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The Reading Nonfiction Signposts: Extreme and Absolute Language

Reading NonFiction_4569s

When a writer uses extreme or absolute language in his writing, using words like "all" or "none," he distorts the picture, and you as a reader need to ask yourself some questions. Why is the writer distorting this piece? Is it strategic? Is it knowing? How do I respond, and how do I move forward in the reading?

 
 
 
 
 
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Wistia video thumbnail - The Extreme and Absolute Language nonfiction signpost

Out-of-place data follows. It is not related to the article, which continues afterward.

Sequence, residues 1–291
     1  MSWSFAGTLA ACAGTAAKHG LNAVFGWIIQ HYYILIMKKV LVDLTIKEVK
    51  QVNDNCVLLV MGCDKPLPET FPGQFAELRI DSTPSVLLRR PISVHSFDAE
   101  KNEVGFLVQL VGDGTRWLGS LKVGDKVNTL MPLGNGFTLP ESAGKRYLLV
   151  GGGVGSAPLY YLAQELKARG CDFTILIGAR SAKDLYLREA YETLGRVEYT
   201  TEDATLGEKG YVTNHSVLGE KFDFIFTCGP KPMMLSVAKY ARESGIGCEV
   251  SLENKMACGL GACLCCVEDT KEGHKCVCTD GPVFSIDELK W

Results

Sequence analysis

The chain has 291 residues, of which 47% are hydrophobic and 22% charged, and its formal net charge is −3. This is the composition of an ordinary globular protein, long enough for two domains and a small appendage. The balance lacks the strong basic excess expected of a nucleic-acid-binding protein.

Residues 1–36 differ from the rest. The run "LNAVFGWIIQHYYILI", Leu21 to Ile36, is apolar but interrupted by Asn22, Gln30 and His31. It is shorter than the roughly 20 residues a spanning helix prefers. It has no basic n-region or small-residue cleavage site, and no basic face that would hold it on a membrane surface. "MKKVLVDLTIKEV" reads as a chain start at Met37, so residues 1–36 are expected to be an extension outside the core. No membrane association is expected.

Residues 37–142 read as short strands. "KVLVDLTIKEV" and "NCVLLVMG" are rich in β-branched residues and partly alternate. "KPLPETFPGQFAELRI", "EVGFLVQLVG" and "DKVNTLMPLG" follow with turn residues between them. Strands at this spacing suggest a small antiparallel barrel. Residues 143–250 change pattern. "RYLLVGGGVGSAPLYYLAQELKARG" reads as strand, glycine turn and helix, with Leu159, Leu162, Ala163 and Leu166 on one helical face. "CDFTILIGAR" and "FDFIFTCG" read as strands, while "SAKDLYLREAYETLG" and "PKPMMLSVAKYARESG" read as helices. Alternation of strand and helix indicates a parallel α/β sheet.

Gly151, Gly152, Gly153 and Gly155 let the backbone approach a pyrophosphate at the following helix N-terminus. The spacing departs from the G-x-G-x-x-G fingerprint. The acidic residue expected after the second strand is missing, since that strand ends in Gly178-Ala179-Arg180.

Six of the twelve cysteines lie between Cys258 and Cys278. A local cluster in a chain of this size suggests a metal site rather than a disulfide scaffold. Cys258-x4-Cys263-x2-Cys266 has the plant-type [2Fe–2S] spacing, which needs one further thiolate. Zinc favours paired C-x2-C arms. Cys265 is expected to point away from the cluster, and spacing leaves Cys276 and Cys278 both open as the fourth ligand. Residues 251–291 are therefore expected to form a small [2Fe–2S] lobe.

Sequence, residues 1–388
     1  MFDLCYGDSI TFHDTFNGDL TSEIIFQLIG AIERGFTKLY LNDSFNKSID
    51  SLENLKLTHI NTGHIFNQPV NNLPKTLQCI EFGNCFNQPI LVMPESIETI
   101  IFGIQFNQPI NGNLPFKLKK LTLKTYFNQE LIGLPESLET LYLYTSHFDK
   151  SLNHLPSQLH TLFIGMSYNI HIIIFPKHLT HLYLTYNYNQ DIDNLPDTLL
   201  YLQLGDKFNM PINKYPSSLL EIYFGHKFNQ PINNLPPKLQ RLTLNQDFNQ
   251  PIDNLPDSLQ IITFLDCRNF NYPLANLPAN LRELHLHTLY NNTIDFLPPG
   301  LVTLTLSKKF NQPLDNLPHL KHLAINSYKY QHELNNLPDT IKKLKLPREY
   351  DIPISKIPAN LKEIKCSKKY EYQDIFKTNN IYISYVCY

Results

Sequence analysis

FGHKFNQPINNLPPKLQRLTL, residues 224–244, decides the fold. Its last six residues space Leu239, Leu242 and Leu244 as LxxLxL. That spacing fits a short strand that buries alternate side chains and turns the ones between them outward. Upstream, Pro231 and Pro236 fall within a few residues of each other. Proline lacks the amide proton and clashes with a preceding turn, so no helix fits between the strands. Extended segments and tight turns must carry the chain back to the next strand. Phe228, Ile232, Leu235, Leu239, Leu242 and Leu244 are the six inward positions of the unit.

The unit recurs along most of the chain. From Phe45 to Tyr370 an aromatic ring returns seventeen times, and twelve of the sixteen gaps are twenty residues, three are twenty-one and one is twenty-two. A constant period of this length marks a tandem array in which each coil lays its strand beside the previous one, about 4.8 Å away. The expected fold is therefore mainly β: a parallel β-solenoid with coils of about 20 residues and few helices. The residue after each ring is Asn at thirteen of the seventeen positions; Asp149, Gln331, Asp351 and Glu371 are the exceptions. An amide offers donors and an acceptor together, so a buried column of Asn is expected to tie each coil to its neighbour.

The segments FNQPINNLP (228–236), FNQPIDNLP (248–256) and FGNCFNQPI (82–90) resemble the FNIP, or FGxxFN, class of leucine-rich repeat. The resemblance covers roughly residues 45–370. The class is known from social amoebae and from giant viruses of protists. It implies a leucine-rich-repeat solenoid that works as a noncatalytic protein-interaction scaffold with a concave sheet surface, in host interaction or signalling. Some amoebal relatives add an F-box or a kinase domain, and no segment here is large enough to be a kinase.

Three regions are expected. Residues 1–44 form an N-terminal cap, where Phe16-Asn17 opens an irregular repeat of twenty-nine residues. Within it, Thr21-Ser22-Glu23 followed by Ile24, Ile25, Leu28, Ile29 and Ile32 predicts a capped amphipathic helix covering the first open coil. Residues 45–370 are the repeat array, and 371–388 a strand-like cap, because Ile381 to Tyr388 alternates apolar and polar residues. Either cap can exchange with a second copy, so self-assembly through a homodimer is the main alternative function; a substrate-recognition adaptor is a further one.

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Visit the official Reading Nonfiction page for more information.

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Kylene Beers and Bob Probst have helped thousands of teachers with strategies for the close reading of fiction in Notice and Note: Strategies for Close Reading. And now, coming this autumn, the authors return with Reading Nonfiction: Notice and Note Signposts and Questions.

Visit the Reading Nonfiction page.

Posted by: Digital EditorPublished:

Topics: Video, Defining Nonfiction, Education, Guided Reading, Literature, Notice and Note, Reading, Reading Nonfiction, Technology, Writing, Assessment, Bob Probst, Collaboration, Comprehension, Conferring, Differentiated Instruction, Digital Campus, Extreme and Absolute Language, Grammar, Intervention, Kylene Beers, Language Arts, Nonfiction, #RdngNF, Signposts, Stances, Student Texts

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